Are options good? That depends on how long you are willing to tie up your intellectual property exclusively.
Options area popular in filmmaking, but not always the best option for writers. An option is an agreement for an intellectual property that is similar to a lease for a car. The rights are not purchased; rather the option has the exclusive right to purchase the work or intellectual property. Most things of authorship can have “options.”
The reason that options can cause problems for authors is that it ties up their work for a certain period of time and usually for a small amount of money. Many movies or intellectual property get a start towards principle photography and then there is a slowing down for any number of reasons; attachment of cast , directors or producers, studio involvement, failure to clear Error & Omission (E&O) Insurance, financial trouble and many other things during the packaging process.
You can think of the word option synonymous with the word opportunity. Depending on the situation is the outcome of who gains the opportunity.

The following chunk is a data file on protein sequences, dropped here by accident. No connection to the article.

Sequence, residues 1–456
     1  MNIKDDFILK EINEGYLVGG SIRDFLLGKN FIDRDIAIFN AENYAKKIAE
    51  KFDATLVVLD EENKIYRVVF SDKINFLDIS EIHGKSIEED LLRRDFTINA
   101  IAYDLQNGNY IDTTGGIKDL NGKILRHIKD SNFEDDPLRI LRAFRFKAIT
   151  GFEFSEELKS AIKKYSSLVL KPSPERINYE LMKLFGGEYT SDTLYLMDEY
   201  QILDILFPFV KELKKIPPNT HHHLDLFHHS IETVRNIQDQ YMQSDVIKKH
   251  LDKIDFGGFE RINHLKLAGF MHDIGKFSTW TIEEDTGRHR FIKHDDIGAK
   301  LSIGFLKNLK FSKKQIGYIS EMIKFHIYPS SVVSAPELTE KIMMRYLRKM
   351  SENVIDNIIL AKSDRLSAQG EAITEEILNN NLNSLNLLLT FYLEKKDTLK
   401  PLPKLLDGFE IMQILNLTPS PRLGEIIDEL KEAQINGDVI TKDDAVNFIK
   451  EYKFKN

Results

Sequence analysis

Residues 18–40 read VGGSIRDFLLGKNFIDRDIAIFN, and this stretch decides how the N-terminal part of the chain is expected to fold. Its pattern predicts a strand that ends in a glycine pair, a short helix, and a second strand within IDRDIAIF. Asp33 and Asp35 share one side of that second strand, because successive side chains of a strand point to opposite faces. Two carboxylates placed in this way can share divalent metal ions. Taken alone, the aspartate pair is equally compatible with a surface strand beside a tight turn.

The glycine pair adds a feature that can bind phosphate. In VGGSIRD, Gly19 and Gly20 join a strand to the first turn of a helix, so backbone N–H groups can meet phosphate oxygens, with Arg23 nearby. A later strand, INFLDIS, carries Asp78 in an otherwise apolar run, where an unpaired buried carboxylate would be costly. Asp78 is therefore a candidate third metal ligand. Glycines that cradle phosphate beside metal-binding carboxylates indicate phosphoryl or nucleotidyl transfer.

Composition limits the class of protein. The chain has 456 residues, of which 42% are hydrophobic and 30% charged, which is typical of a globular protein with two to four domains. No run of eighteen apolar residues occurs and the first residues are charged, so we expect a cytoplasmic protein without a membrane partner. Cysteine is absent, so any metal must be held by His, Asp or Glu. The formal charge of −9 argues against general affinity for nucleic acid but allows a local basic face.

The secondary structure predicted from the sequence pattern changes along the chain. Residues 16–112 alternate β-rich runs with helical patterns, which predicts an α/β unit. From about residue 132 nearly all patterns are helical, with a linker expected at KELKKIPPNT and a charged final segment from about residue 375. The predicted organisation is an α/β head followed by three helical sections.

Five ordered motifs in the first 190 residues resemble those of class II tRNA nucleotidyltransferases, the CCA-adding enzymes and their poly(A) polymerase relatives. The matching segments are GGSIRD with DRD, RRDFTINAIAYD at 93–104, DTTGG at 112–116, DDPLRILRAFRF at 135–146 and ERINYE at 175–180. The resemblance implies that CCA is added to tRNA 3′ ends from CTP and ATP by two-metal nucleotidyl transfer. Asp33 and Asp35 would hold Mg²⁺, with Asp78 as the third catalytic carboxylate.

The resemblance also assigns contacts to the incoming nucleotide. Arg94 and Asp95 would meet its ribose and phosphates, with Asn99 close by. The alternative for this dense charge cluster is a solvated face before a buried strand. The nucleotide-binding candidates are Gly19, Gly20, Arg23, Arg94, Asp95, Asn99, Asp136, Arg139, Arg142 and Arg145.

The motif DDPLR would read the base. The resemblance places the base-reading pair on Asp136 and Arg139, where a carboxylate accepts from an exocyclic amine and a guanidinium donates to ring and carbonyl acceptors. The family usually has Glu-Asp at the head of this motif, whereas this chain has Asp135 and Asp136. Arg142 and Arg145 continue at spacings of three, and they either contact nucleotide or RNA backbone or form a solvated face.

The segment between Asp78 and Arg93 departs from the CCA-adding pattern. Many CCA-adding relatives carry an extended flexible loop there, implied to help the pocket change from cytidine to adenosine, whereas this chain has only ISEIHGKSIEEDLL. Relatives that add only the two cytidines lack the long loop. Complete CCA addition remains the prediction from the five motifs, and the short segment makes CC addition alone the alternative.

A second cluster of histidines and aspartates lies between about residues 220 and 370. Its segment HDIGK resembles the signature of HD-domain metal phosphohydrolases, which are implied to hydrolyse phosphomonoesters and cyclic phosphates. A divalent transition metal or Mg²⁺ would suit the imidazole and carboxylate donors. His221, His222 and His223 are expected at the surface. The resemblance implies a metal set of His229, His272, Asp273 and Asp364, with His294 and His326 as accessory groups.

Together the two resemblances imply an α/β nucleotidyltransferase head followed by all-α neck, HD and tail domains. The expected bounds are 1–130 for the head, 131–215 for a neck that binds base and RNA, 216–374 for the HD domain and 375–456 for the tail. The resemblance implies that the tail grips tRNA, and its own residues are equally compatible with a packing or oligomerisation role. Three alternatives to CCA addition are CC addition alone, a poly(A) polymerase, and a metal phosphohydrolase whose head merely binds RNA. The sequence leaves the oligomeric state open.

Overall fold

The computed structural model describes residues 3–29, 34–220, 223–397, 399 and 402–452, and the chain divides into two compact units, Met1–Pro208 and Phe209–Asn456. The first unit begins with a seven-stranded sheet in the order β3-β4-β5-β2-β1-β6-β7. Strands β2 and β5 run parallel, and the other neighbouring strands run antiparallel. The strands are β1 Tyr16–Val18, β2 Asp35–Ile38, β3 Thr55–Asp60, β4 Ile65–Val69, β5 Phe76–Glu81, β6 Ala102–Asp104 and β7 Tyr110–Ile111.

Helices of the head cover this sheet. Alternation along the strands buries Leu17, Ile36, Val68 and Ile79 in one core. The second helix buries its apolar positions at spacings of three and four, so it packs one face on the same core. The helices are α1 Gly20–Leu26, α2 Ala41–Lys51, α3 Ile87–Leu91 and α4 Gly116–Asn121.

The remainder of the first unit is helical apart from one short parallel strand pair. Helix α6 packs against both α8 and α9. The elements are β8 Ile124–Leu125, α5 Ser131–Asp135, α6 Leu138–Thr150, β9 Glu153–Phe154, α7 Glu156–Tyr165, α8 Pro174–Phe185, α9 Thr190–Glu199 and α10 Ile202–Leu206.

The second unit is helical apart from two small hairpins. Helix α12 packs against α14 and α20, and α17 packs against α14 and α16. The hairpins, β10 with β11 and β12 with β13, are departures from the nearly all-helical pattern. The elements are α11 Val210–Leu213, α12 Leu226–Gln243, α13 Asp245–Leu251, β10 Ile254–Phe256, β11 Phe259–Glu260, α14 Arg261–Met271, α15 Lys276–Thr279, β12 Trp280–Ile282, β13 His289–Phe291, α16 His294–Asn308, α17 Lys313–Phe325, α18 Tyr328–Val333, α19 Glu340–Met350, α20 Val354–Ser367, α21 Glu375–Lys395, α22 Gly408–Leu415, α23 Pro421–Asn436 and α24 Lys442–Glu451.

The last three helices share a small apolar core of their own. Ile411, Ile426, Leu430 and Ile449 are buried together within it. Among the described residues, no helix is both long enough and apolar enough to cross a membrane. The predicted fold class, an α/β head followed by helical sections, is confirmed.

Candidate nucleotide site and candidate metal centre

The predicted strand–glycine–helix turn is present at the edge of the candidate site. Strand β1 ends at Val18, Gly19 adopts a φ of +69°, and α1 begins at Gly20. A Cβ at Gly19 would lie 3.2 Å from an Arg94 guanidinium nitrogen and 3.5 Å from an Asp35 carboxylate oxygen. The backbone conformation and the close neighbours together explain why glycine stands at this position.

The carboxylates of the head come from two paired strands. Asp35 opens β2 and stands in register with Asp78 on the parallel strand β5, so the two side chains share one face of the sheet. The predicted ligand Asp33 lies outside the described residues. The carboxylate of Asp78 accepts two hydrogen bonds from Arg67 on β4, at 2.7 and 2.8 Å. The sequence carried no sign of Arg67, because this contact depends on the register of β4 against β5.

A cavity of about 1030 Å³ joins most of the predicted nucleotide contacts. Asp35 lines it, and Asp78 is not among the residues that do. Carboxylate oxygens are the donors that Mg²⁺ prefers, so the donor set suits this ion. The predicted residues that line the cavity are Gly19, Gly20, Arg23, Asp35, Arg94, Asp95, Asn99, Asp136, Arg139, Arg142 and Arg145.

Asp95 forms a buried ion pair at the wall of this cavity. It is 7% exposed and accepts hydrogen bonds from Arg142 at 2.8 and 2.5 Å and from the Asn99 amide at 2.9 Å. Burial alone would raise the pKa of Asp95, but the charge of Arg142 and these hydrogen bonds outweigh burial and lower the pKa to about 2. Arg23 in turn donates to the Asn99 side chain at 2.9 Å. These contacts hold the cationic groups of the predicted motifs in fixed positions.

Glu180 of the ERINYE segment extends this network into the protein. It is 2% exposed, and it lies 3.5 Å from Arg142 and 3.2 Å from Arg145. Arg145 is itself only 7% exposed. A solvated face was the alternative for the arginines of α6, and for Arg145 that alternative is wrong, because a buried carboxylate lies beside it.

Packaging refers to the time where the agreements in the initial stages are completed. This can include everything or some of the following:
- Business Plan
- Director Attachment
- One or two lead cast
- Deal Memos
- Copyright Assignment, Sale of Script or Option
These are usually the “short” or informal contracts.
Since all of the contracts are contingent with an option, it is often to the benefit of the studios or producers to option property and sit on it and then option it again. This way the studio has tied up the intellectual property and taken it off the market.
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